Recently we had our first social media faux pas: I had posted a tweet along the lines of “When in doubt, blow some sh!t up!” It was followed by a few writing hashtags and was in reference to the old “if you don’t know what to do, introduce a man with a gun” saying about writing a novel.
I actually scheduled the tweet in advance, (as I do with most of DPW tweets to save me time) and of course it posted not even an hour after the Manchester concert bombing. I had no idea about the bombing, (an neither did most of the people following DPW at the time) but one of our followers did. And he was pissed.
He immediately unfollowed us, quoted our tweet and said how disgusting we were in making fun of a tragedy, and pretty much called us out as assholes to the whole world via various trending hashtags. This happened minutes after the tweet posted while I was sitting on my couch writing an article. I didn’t notice the brewing controversy for probably an hour. But when I did, my heart sank.
I deleted the tweet, apologized and explained to the guy what had happened, (he was very understanding and even followed us again) and luckily nobody else realized what went down. But if that guy didn’t get my attention, the tweet could’ve ended up on trending news. Not good.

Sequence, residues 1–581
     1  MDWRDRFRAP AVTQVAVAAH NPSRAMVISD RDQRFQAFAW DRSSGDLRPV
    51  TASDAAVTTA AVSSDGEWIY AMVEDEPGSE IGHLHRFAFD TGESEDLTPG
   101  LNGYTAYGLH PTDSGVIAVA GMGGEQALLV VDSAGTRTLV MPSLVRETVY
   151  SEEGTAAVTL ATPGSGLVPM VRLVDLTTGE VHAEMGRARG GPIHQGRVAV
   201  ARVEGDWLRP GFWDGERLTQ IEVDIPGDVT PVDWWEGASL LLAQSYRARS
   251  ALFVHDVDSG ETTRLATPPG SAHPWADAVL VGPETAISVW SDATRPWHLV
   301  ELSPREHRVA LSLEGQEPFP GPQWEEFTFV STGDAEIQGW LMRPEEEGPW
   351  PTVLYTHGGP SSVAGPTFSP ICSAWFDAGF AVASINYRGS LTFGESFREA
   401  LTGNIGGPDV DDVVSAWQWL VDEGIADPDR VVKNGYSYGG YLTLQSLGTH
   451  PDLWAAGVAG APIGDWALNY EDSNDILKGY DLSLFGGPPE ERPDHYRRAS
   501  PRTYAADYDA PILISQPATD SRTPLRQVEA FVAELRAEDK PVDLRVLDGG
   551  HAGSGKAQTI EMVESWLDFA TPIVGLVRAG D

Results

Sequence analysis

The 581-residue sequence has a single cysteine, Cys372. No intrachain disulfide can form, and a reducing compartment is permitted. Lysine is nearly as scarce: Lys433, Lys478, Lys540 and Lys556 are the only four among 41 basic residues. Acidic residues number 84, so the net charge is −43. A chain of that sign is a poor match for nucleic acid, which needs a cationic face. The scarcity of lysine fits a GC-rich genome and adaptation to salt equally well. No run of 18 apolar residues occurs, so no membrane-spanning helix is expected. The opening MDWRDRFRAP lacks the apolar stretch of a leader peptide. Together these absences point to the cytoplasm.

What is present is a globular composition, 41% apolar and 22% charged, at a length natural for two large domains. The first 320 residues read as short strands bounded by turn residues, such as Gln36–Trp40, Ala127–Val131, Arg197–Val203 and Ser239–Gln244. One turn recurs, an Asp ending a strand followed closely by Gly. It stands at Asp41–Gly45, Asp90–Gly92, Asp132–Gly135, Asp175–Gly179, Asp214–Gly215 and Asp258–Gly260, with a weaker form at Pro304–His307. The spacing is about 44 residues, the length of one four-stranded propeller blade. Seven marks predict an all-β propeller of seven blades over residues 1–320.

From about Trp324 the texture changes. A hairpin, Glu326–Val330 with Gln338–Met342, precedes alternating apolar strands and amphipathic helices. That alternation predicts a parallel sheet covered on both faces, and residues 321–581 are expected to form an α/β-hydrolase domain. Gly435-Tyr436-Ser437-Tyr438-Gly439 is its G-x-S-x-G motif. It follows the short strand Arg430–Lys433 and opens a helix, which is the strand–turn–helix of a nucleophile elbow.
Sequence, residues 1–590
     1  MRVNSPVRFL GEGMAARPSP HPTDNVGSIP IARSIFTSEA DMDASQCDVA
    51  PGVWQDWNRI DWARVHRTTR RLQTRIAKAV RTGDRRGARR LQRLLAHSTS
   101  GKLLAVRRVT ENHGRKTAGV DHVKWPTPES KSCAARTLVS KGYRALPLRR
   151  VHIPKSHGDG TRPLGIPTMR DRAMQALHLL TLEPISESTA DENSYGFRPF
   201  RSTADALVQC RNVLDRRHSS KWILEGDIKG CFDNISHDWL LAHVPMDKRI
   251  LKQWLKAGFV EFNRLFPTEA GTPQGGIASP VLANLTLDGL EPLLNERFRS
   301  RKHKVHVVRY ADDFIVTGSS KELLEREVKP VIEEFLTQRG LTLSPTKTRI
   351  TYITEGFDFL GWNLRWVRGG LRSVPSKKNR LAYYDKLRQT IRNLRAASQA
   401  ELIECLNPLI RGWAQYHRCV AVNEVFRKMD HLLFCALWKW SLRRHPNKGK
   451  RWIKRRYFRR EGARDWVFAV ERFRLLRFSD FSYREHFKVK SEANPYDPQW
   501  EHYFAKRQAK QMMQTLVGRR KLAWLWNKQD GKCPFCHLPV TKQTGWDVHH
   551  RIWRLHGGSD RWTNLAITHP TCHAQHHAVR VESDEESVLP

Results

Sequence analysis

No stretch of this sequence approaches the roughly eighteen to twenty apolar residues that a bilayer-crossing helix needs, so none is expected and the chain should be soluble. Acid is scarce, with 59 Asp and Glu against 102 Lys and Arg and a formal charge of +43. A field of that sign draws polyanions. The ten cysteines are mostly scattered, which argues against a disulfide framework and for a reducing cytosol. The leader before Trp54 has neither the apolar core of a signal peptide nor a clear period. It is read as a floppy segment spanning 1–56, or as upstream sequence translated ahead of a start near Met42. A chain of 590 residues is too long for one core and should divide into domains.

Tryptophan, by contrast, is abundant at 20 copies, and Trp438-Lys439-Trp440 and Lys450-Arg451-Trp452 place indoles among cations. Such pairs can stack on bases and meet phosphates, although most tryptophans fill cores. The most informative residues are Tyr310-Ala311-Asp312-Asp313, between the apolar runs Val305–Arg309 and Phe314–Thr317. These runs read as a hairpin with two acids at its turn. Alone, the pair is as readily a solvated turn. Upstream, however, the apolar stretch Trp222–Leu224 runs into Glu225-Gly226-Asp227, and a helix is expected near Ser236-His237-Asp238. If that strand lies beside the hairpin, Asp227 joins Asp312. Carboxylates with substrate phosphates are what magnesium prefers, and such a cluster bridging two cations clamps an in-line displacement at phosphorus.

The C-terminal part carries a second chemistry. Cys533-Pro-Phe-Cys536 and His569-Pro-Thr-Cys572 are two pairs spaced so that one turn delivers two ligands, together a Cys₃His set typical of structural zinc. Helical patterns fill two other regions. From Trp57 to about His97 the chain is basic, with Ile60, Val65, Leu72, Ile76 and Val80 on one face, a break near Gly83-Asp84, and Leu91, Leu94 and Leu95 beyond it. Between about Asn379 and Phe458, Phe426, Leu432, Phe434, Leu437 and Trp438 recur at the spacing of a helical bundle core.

While that was a mild setback and only a disaster in the making, it really made me start to reevaluate how we go about things. I didn’t even know about the tragedy, yet one coincidental tweet almost started a chain reaction that could’ve ended all the hard work I’ve put into building this site.
Yes, the tweet came across as awful and in horrible taste. But our Twitter account has no history of that sort of thing. We mainly share writing tips and motivational things. So, was that follower’s outrage justified? Or was he being too sensitive?
In that particular situation, I completely feel he was justified in his anger. If he didn’t really know the kinds of things we generally tweet about (not to mention that the first word in our name is Drunken) I could see how he mistakenly thought we were being malicious. After all, a good chunk of social media is made up of dickheads who make fun of tragedy.
But I do believe he could’ve handled the situation a little better. Informing us of the poorly timed tweet was fine, but quoting it and calling us out as being possible assholes seemed unnecessary. And that brings me to the point of this article: is political correctness, an overly emotional way of thinking, and propensity to automatically get offended before the facts come out, hurting creativity?
Continue reading on the next page…